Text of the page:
Chartering New Territory
Alumnus teaches the future
By Dave Enders
Tommie Henderson ‘95 considers himself one of the lucky ones, given our country’s hit-and-miss approach to public education. East High School in his hometown of Memphis, TN, offered a unique engineering and health science preparatory curriculum. The curriculum was tough, he says, but it taught him a valuable lesson that has served him well: it’s not so much what you learn but how you learn to learn.
Today, the 32-year-old Henderson is passing that lesson on as principal of Tennessee’s first charter school, the newly formed Memphis Academy of Science and Engineering (MASE). Now in its second year, MASE aspires to be a center of excellence in technology, science, and math education.
Henderson didn’t plan a career in education. Armed with his SB from MIT, he returned home to earn his master’s in chemical engineering at the University of Tennessee. He went to work for Oakridge National Labs and was contemplating attending law school when, he says, “a fateful situation” arose. The principal of East High School telephoned to share his concerns over the school’s disintegrating engineering program. The conversation ended with a not-so-subtle “‘unless, of course, you can do this,’” Henderson laughs. “But the more I thought about it, the more I realized this was an opportunity to be a part of something larger.”
Henderson ended up staying at East High School for five years, revamping the curriculum while adding a master’s in education to his credentials. At the same time, he was developing a curriculum for a hypothetical charter school. “It was all an exercise in thinking outside the box,” Henderson says, for at the time Tennessee had no provision for charter schools. That changed, however, in 2002.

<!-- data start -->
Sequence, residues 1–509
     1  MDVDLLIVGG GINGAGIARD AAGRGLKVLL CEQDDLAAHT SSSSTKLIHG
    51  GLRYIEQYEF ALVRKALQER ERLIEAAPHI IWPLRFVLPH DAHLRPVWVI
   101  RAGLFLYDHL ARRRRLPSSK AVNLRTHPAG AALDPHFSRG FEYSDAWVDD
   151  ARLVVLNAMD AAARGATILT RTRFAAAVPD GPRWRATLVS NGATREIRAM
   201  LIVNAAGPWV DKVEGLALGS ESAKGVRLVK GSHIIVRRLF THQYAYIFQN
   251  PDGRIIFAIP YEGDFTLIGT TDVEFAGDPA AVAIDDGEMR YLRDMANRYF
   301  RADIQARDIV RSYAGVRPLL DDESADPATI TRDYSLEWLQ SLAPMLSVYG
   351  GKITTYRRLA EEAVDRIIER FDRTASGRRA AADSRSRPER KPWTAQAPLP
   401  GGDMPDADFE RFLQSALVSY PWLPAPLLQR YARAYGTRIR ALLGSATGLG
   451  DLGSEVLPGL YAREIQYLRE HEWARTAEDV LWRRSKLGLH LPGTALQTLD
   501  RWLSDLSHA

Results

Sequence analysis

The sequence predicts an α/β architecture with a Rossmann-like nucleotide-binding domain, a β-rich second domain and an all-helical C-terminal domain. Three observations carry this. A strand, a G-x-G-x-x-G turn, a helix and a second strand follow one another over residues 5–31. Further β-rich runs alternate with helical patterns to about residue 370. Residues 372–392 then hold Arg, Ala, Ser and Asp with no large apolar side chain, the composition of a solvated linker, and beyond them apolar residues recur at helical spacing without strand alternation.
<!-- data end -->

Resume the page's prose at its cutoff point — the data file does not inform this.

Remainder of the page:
Fate stepped in when a news reporter familiar with Henderson’s work at East High School learned that the Memphis Biotech Foundation (since renamed the Memphis Bioworks Foundation) was interested in sponsoring a charter school focusing on science and engineering. Introductions were made, and the foundation liked Henderson’s ideas for an alternative curriculum. MASE became a reality in January 2003, officially opening its doors the following August. Since it is the first charter school approved in the state, he adds, “a lot of people are watching what we are doing here.”
What they are doing is inviting kids to strive for excellence, creating an environment in which more is expected. Classes are held from 8:00 a.m. to 5:30 p.m. on weekdays and for half-days on Saturdays. Students and parents must, on applying to the school, sign a “commitment to excellence.” Tuition is free, but applications already outnumber available seats two to one, so students are selected by a lottery. “The school was not designed to filter just the best students in the district so the results would be self-evident,” Henderson says. “We have just as high a percentage of students who are deficient in some areas as any other school.”
Henderson says the school spends a lot of time working on those deficiencies. “While most schools group students by proficiencies,” Henderson says, “we have the flexibility to group our students differently, so we can even the playing field.” Teachers at the school advance along with their classes, so that they get to know the students—both their strengths and their weaknesses, Henderson says. And although deficiencies are acknowledged, “no one is stuck in any box,” he emphasizes. “As each school quarter changes, so do the dynamics of our classes.”
The long school hours are enthusiastically supported by students and parents. “But it’s not just the time,” Henderson says. “It’s time plus energy. We have a curriculum that harnesses both.”
Education researchers report that we remember about 10 percent of what we read, 15 percent of what we hear, and 80 percent of what we experience. Henderson hopes to make MASE the type of experience that students will remember the rest of their lives.